harvesting, the storage roots are sorted to remove the diseased and
damaged ones as well as to separate them into different sizes. Root
classification into different grades vary among places but generally, this
practice is done to separate the rejects from the marketable roots. The
reject is composed of oversized, undersized, and damaged roots. The rejected
roots can be sold at lower price, kept for home use, fed to the animals, given
or thrown away. The final grading is done by the assembler/wholesaler.
Roots are sometimes classified into sizes based on their
diameter but this was found to be accurate only when roots are roundish in
shape. When roots are elliptical to cylindrical in shape or otherwise irregular,
a classification based on weight is better.
Roots are cleaned by washing or by simply removing the
adhering soil without washing. Washing is done depending on market
Curing, a recommended postharvest practice to promote
hardening of the skin in preparation for a long storage period or rough
handling, is not commonly practised in areas where roots are immediately sold
The packaging materials for sweetpotato differ among places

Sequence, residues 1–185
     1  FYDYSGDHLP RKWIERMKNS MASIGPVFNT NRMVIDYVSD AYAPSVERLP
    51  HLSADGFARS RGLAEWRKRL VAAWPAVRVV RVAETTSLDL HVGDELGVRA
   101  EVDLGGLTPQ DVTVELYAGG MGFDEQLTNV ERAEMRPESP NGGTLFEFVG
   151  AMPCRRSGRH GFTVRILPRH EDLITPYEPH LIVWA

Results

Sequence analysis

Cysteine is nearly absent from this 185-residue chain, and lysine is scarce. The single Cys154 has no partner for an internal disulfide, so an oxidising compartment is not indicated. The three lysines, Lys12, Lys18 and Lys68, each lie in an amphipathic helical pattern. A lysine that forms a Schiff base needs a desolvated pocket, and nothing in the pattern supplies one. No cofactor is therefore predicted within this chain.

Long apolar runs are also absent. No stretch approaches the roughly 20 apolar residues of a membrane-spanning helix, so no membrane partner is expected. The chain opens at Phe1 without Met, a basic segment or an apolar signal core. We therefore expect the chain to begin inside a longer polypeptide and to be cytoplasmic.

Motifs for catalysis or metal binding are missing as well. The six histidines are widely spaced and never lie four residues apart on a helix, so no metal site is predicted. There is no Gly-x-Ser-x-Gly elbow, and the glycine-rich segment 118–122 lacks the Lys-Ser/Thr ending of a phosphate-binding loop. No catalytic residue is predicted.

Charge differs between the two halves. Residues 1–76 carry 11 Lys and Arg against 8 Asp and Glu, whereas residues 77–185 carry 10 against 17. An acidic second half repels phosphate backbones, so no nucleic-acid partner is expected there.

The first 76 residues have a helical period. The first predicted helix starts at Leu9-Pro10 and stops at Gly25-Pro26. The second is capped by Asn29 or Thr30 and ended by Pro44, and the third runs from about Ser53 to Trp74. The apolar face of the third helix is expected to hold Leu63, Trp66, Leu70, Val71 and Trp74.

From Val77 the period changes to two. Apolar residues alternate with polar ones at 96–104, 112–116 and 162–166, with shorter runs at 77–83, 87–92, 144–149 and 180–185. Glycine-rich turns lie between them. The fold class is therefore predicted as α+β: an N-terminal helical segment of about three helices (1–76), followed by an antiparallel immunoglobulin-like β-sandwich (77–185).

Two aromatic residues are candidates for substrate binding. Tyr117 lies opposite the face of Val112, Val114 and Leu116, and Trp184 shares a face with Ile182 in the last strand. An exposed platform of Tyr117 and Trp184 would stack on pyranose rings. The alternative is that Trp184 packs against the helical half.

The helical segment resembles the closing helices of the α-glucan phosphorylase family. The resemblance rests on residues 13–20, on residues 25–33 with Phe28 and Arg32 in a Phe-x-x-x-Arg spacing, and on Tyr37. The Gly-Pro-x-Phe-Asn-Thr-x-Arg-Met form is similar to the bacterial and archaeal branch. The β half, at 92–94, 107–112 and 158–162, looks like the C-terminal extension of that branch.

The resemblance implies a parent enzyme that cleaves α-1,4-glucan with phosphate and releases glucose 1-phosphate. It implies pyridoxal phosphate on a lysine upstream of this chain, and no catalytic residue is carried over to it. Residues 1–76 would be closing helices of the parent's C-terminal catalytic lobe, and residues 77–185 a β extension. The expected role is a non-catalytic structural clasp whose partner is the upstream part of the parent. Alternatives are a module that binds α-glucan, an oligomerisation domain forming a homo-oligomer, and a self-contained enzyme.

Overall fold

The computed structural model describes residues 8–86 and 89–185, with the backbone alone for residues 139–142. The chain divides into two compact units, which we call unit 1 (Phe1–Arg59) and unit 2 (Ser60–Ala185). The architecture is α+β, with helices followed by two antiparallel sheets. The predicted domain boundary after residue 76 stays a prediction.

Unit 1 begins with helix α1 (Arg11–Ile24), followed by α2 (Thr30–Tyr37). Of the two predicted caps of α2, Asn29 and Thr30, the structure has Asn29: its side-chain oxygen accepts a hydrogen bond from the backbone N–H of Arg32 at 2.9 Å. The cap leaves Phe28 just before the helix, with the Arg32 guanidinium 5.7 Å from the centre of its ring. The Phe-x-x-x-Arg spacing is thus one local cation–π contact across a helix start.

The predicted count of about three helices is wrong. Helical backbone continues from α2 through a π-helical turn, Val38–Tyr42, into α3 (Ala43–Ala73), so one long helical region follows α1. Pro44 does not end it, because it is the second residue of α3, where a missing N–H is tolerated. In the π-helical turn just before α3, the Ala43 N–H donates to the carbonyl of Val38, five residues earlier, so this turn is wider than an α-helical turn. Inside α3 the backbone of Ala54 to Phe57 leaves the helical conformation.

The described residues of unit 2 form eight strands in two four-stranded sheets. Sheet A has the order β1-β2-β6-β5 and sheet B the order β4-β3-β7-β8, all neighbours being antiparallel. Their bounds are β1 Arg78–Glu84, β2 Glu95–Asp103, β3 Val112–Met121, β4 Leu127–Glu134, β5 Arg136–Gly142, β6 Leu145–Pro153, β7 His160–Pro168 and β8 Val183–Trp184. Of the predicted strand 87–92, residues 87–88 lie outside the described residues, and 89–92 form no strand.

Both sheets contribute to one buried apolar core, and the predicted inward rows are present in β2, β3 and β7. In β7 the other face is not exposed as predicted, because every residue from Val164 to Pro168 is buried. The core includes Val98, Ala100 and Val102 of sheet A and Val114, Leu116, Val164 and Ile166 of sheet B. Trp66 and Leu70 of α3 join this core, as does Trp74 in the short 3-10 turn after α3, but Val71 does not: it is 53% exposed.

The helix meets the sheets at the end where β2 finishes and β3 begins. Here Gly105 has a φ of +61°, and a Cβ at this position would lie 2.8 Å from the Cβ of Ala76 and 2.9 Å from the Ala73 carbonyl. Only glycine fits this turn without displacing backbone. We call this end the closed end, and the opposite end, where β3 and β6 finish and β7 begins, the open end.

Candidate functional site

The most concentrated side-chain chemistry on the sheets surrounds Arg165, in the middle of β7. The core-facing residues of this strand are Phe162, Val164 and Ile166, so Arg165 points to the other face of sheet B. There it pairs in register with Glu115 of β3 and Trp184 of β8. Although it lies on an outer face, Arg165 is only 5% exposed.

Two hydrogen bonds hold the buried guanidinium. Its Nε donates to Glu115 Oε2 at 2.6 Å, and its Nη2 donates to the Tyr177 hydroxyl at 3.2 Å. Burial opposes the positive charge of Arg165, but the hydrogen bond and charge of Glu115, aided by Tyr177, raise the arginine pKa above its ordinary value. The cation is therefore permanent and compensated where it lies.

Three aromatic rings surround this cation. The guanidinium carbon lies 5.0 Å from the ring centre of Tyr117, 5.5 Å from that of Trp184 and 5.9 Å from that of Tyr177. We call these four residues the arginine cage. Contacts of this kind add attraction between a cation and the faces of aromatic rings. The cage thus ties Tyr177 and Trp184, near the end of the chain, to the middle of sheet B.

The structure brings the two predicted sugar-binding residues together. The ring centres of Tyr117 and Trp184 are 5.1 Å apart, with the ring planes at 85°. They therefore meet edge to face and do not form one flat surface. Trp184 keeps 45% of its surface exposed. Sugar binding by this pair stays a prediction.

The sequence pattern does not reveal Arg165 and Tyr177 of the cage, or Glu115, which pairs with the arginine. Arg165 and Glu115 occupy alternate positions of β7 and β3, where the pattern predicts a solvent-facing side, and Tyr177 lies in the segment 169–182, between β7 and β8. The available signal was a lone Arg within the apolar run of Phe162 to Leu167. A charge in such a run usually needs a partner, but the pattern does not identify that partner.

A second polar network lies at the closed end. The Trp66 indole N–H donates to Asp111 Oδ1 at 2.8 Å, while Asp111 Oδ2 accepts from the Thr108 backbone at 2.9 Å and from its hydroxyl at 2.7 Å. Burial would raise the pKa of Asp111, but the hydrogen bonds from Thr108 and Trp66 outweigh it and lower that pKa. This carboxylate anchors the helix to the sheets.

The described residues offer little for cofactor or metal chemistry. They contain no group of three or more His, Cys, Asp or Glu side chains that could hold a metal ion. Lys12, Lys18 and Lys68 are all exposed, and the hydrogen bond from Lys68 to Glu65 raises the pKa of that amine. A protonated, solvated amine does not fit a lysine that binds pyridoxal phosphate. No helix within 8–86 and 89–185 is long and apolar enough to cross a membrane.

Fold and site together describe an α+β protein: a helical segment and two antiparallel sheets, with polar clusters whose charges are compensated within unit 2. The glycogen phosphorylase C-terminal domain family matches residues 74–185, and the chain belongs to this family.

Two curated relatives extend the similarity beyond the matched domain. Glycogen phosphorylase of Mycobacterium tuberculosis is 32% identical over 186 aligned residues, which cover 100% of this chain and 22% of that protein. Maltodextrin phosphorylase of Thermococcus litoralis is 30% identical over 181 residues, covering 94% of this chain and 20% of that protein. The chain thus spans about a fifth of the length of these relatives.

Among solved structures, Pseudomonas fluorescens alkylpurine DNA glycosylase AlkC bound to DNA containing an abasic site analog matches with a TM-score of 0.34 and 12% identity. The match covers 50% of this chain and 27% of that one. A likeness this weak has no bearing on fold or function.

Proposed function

and countries. In some Asian countries wooden crates/boxes, large baskets (made
of rattan or bamboo), synthetic sacks and jute or burlap sacks are used.
Comparison of roots transported in three types of containers
showed that storage roots transported in sacks had the least damage during
transport for four hours. During longer transport period, however, roots in
wooden crates had the least damage.
Cultivars differ in storability. Some can be stored beyond 60
days after harvest (DAH) and even until 90 DAH without losing marketability
while others show shriveling, sprouting and decay even at less than 30 DAH
depending on the storage condition. Comparison of the storability of some
cultivars under upland and postrice Philippine conditions showed that roots
stored in the upland had lower rotting, sprouting and shriveling (Amante, et.
al,1992). Lower temperature and higher relative humidity characterised this
condition. The data also showed cultivar differences in storability.